The Pottenger Cat Study, conducted between 1932 and 1942, was the first clinical report dealing with the process of intergenerational degradation resulting from a deficient diet.
The study used approximately nine hundred cats, divided into two control groups. One control group of cats was fed a raw food diet including raw meat, raw milk, and cod liver oil. The other control group was put on a deficient diet. The health of the first, second, third, and fourth generation of all cats was studied, with a focus on their immunity, potency, and fertility.
The results were stunning. Those cats on the deficient diets could not produce a fourth generation, and the first generation already showed the first signs of degradation, such as heart problems, underactive thyroid and bladder, arthritis, inflammation of the nervous system, and various infections. Second and third generations of cats on the deficient diet also suffered from an acceleration of these symptoms and showed a general decrease in the health of reproductive organs.
Males showed a failure in active spermatogenesis (meaning they had low sperm count and weak sperm). Miscarriages accounted for up to seventy percent in second-generation deficient cats. Skin allergies were frequent and got worse with each subsequent generation. The third generation cats were so deficient that none survived beyond the sixth month. Needless to say, there was no fourth generation of deficient cats.
In contrast, those cats that were given raw food ("normal cats") were healthy in all generations. Their internal organs were fully developed, and the immune systems of all four generations of these cats were fully intact, with no signs of infections or allergies. They reproduced one homogeneous generation after another, all in good health.
It's interesting to note that when the second generation of "deficient cats" was put back on a raw food diet, some of the deficiency-related symptoms, such as allergies, diminished and by the fourth generation some cats had fully restored immune systems.
There also seemed to be a general connection between hypothyroidism (low thyroid) and male sterility. Eighty-three percent of male "deficienl" cats in the second generation were sterile. Fifty-three percent of second-generation female "deficient" cats showed under-developed ovaries.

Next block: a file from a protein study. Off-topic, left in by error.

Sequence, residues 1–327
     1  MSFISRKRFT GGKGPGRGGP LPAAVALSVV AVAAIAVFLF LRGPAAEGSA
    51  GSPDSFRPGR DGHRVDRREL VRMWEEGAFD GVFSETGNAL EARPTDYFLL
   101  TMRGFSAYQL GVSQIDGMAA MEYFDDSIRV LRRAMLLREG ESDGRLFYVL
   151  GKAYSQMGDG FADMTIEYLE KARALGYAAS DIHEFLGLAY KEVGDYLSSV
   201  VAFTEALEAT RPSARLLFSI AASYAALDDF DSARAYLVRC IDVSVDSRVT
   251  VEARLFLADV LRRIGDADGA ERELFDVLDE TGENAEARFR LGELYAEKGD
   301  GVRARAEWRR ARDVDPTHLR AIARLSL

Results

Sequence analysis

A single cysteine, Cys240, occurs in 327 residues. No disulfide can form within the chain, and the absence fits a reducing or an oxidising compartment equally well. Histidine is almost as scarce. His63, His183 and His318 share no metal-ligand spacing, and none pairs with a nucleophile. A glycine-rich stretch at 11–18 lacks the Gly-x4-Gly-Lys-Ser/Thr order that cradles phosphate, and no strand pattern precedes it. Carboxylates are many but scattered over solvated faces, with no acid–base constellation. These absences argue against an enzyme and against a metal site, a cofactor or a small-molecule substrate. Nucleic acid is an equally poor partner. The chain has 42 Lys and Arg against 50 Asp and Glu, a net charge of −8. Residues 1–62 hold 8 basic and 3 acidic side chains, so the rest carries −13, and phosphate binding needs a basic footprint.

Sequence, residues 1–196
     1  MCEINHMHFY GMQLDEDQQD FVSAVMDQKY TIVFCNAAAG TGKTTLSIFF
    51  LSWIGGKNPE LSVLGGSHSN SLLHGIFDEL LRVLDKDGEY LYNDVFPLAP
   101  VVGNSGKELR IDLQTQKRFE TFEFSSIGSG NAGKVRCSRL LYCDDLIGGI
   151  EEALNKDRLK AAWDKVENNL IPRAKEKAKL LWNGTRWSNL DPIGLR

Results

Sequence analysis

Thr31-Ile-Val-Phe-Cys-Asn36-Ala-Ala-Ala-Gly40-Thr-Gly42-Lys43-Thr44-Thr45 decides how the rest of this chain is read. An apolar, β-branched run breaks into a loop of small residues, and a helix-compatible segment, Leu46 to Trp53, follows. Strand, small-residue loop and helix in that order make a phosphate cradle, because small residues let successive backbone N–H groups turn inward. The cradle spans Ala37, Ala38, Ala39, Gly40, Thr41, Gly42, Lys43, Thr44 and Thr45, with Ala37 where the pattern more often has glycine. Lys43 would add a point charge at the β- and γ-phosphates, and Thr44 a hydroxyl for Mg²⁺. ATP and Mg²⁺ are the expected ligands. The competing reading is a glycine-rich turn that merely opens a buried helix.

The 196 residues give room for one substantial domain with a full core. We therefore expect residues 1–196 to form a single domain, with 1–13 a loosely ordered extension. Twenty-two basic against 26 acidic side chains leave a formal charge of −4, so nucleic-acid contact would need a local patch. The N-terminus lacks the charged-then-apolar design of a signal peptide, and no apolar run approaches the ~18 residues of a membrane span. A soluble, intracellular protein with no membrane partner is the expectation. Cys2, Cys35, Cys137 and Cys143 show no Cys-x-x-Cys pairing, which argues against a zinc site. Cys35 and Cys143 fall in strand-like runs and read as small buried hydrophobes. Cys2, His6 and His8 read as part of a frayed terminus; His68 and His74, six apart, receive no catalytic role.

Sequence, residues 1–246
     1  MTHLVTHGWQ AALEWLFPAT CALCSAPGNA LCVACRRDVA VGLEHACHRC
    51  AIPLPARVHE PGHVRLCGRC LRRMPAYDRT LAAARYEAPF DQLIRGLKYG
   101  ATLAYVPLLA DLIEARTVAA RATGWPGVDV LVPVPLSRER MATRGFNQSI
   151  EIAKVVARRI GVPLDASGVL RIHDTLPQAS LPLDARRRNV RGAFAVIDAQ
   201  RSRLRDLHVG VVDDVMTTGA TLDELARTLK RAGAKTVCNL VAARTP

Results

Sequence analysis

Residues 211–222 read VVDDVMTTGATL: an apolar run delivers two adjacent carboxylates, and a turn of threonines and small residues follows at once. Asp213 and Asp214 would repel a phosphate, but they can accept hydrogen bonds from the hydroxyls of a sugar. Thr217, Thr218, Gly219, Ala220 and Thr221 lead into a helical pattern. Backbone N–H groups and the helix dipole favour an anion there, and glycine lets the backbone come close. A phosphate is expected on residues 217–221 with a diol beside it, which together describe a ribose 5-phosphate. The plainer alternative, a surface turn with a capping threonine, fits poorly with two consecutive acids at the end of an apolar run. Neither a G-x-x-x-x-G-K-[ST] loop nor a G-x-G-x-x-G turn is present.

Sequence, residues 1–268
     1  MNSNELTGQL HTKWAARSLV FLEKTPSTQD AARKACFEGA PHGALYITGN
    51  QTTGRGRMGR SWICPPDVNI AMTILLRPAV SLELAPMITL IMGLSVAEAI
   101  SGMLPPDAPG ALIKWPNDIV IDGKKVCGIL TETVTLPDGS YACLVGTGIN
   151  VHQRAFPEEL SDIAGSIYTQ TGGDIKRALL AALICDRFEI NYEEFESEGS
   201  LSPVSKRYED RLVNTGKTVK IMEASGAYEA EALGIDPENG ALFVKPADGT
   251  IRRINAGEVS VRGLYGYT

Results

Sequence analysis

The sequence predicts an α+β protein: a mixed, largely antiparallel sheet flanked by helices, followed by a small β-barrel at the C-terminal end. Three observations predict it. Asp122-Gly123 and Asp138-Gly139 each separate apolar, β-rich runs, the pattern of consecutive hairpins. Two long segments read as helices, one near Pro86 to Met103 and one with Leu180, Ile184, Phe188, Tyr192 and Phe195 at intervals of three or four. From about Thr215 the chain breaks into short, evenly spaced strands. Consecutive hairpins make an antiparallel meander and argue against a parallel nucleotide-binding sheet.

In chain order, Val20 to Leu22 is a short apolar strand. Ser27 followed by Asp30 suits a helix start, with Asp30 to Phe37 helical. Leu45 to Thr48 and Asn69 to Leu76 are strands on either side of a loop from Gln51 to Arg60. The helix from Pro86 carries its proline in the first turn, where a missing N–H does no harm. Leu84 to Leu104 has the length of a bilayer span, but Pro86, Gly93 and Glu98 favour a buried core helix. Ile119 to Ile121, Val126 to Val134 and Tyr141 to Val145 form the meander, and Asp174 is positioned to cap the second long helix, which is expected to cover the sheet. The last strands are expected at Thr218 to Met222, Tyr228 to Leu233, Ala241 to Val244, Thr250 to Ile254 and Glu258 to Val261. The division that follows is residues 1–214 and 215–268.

According to a Kellogg Report by Joseph Beasley, M.D. and Jerry Swift, M.A., forty-four percent of thirty million couples surveyed in the United States in 1980 with a woman of childbearing age were unable to have children. In 1965, there were 482,000 couples with a wife younger than thirty who were classified as infertile. By 1976, the number of infertile couples rose to 920,000. Among black couples (ages twenty to twenty-four), the proportion of infertile couples went up from three percent to fifteen percent in the eleven-year span from 1965-1976.
Dr. Pottenger theorized that there are similarities between malformations found in animals and those found in humans.
My points here are that:
1.1 firmly believe there is indeed a direct connection between diet, health, sexual performance, and fertility for both men and women.
2. The lack of raw foods, live nutrients, and enzymes in the typical American diet makes it a deficient diet, which causes unpleasant symptoms as well as health maladies.
I believe, furthermore, that the Pottenger Cat Study throws significant light on what may be contributing to the acceleration of immunodeficiency and chronic diseases in our culture, such as cancer, hypothyroidism, sterility, hyperactivity, and depression.
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